Today, I’d like to take a different view of leadership. It’s about you and you and you and me. It’s about how to bring our voices into the conversation and how we each can play an important role, no matter what.
My husband Herb and I recently returned from Madrid and Bilbao Spain. This trip gave us an extra whack on the side of the head and I want to extend this whack to you and you and you.
Join us, if you will on a sunny end of summer day in beautiful Madrid. Not a care in the world. All business matters have been put aside. Just time for fun and food and entertainment.
An advertisement on the side of a bus caught my attention. It showed a rickety old railroad car and barbed wire. And the last word I expected on a bus in modern Spain. The word was Auschwitz.
It sent a chill down my spine and at first, I just wanted to ignore it. Then I felt myself becoming angry. I didn’t want this vacation peppered with ugly memories from the past. So, I said nothing.
Other buses carried the same ad. And I finally said something.
“Maybe we should go?” I questioned, with little enthusiasm. And those of you who have had the delight of meeting and knowing Herb would have guessed his response. “We keep seeing that ad no matter where we turn. There is a reason it’s not being ignored by us. I think we should go.”
The Auschwitz Exhibition will be on a world tour for the next 7 years. Pay attention when it comes to your area.
Upon entering you are greeted with a quote in Spanish and English by philosopher George Santayana:
“Those who do not remember the past are condemned to repeat it”
Then, in the dim light, you go from room to room travelling through time. A vivid history lesson takes you from pre-war Europe to the end of World War l, through World War ll and beyond.
Most of us know the history. Yet, with today’s life moving so fast, it felt almost ancient, from long, long ago. It is as modern as today’s world refugees being beaten for no reason, as modern as the finger pointing making journalists the enemy, as modern as the level of disrespect and division we see everyday everywhere.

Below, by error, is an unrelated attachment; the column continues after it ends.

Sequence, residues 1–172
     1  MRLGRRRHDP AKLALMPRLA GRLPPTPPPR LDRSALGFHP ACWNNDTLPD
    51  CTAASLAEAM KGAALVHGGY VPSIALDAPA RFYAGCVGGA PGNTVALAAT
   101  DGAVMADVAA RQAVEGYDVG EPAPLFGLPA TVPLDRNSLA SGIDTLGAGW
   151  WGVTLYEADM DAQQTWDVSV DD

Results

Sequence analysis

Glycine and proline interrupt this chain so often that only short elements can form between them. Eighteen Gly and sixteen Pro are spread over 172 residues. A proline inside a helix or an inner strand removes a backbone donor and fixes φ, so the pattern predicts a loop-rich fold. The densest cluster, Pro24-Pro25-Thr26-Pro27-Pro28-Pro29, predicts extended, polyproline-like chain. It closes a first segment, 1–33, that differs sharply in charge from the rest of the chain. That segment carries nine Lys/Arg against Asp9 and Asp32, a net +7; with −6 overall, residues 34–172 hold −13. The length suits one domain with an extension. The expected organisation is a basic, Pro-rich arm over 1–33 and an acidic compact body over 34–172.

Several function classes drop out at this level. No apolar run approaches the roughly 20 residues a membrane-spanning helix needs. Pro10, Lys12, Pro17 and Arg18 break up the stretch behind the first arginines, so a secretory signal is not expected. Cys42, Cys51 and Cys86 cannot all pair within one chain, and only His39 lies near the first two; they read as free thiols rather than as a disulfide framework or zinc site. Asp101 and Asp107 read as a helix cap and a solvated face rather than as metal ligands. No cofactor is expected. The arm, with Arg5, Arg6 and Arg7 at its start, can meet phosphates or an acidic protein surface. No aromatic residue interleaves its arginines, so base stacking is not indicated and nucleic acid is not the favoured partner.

We left feeling diminished, depressed, disgusted.
The last poster on the wall had glimmers of hope and resilience. It is about another view of leadership, about something for each of us, for each of us that goes past education, skills or talents. It is the legacy of one Holocaust survivor for all of us. It is about living life fully, no matter what.
The poster said: You who are passing by
I beg you
Learn a dance step
Something to justify your existence
Something that gives you the right
To be dressed in your skin in your body
Learn to walk and to laugh
Because it would be too senseless
For so many to have died
While you live
Doing nothing with your life
And that evening…….
We went to have dinner and watch a marvellous Flamenco show. And as the beautiful men and women strutted and stamped their feet and danced to the music I kept wiping tears from my eyes. We are all so amazing and so full of magic to create and delight in each other’s talents.
We learned to stand on the shoulders of the past rather than repeat it.
My pledge is to keep knocking down the roadblocks and help everyone I can breakthrough the outdated, ingrained behavior patterns that keep us stuck in the past, stuck from being the best we can be.
I invite you all to take a bold step forward and take a different view of leadership.
What about you and you and you? What is your dance, your song, your ‘raison d’etre,’ your reason for being? I’d love to hear from you.